Friday Bible Blogging - Psalms 31 to Psalms 40
This entry is part of a series. For a listing of all entries in the series, go to the Index. Unless otherwise noted, all Bible quotations are from the New Revised Standard Version (NRSV). All headings are links to those Bible chapters.
Well, I didn't manage to get this entry done for my Friday deadline, so today is Saturday Night Bible Blogging. At least I'm less than 24 hours late in getting this post up.
Chapters 31 to 40 continues on in the same manner as the previous psalms, combining praise, thanksgiving, and petitions for help. These chapters didn't contain any of the instantly recognizable psalms like the previous chapters I discussed last week.
Psalm 31 is a fairly typical one - a combination of praise, thanksgiving, and petition. There was one section that struck me as similar to Job.
I am the scorn of all my adversaries,
a horror to my neighbours,
an object of dread to my acquaintances;
those who see me in the street flee from me.
I have passed out of mind like one who is dead;
I have become like a broken vessel.
But then, like so many of the Psalms attributed to David, it went into criticizing his enemies and their plans against him, and asking the Lord to punish them.
The superscription associated with this psalm identifies it as "A Maskil". According to the New Oxford Annotated Bible (NOAB), this is probably a musical term, though its exact meaning is unclear.
In the Christian tradition, this is considered one of the Penitential Psalms, a collection of seven psalms dealing with expressing regret for sins (the others being Psalsms 6, 38, 51, 102, 130, and 143).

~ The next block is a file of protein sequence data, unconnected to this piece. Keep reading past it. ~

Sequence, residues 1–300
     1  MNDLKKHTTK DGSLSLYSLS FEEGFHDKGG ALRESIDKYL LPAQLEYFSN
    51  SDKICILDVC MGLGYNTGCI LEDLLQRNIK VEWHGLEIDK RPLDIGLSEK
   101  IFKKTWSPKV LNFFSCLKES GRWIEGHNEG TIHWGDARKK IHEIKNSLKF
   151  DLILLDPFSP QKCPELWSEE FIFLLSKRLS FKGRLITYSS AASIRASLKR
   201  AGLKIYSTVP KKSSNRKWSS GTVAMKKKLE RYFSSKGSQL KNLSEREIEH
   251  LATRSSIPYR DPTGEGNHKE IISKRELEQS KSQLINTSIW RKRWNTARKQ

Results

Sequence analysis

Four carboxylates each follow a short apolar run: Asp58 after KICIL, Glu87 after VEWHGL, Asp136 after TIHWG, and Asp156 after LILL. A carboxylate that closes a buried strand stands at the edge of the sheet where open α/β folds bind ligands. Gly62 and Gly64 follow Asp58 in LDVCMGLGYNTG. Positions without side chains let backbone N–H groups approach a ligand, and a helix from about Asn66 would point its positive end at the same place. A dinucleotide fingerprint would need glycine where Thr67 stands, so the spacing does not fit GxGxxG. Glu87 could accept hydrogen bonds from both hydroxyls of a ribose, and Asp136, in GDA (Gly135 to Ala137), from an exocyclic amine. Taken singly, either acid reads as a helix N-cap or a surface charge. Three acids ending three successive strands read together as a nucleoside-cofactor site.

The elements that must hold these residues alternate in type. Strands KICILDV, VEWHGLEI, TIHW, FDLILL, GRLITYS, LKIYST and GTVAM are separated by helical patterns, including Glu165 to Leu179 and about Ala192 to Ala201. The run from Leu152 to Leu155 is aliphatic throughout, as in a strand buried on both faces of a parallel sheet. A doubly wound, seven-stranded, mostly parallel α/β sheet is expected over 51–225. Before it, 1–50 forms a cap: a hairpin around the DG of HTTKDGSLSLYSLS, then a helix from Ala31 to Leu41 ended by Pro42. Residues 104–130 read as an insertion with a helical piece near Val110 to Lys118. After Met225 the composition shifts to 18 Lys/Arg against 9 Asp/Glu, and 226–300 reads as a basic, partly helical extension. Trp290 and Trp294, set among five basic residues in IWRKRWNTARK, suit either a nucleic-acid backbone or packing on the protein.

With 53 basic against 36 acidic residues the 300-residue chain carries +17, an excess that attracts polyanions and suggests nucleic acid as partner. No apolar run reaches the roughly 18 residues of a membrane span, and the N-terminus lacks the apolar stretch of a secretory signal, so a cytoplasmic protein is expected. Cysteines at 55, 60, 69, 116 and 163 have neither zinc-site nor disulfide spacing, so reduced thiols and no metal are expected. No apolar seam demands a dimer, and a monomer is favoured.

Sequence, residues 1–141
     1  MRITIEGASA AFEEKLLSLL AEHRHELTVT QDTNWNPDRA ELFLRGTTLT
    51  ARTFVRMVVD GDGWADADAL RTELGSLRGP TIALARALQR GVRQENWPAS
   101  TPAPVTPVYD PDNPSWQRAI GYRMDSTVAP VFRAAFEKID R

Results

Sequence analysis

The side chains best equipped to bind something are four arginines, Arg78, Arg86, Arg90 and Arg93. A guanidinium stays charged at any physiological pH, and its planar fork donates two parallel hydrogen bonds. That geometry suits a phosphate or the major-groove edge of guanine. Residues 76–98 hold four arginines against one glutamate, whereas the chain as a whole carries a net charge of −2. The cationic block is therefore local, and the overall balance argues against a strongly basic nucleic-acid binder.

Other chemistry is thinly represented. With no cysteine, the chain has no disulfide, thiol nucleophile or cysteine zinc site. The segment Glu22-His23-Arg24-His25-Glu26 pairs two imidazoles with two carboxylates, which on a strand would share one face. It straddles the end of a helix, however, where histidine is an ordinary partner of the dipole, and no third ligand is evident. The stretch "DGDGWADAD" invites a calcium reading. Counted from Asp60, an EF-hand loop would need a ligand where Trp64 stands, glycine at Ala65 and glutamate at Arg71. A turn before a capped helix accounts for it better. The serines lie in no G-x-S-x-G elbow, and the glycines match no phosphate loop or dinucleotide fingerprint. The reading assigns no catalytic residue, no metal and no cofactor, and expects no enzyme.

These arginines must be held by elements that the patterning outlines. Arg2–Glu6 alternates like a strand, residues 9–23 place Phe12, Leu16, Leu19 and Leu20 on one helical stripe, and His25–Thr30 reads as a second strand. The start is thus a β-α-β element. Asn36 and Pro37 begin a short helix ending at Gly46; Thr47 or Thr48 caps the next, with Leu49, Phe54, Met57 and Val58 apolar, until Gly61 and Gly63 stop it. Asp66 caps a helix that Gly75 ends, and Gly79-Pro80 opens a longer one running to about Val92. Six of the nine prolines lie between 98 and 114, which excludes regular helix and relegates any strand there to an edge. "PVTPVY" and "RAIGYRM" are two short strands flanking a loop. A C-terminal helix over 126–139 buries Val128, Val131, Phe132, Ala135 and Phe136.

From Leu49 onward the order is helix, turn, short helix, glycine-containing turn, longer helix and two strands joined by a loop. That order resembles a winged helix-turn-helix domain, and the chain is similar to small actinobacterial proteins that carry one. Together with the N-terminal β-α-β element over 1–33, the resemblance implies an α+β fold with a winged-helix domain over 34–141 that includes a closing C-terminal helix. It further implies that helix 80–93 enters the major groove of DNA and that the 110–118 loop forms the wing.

Psalm 33 is another typical psalm of praise, with the focus of this one being the creation of the world. There was one verse that caught my eye.
The Lord brings the counsel of the nations to nothing;
he frustrates the plans of the peoples.
I know it's meant to show just how much greater God is than us mere mortals, but it shows God deliberately sabotaging human affairs.
According to the NOAB, this is another acrostic psalm (where the first letter of each line follows some pattern, such as the alphabet). However, with the translation to English, this pattern gets lost. However, there is a slight discrepancy in the version of the psalm that we have, where verses 16 and 17 should probably be reversed to follow alphabetical order. The psalm also reads a bit better that way.
The NOAB also notes that the subscript to this psalm, "Of David, when he feigned madness before Abimelech, so that he drove him out, and he went away," probably was added some time after this psalm was written, and this psalm probably had nothing to do with that episode.
When the righteous cry for help, the Lord hears,
and rescues them from all their troubles.
18 The Lord is near to the broken-hearted,
and saves the crushed in spirit.
He keeps all their bones; not one of them will be broken. 21 Evil brings death to the wicked, and those who hate the righteous will be condemned. 22 The Lord redeems the life of his servants; none of those who take refuge in him will be condemned.
Like so many of the psalms attributed to David, this one is asking for divine justice against David's enemies. And of course, the justice is violent. In fact, I'm going to include a longer excerpt than I normally do, just to illustrate this violence.
Draw the spear and javelin
&bnsp;&bnsp;&bnsp;against my pursuers;
say to my soul,
&bnsp;&bnsp;&bnsp;'I am your salvation.'
Let them be put to shame and dishonour
&bnsp;&bnsp;&bnsp;who seek after my life.
Let them be turned back and confounded
&bnsp;&bnsp;&bnsp;who devise evil against me.
Let them be like chaff before the wind,
&bnsp;&bnsp;&bnsp;with the angel of the Lord driving them on.
Let their way be dark and slippery,
&bnsp;&bnsp;&bnsp;with the angel of the Lord pursuing them.
There was another noteworthy verse.
Wake up! Bestir yourself for my defence,
for my cause, my God and my Lord!
According to the NOAB, this was consistent with the belief from that region that gods would rest after performing taxing deeds.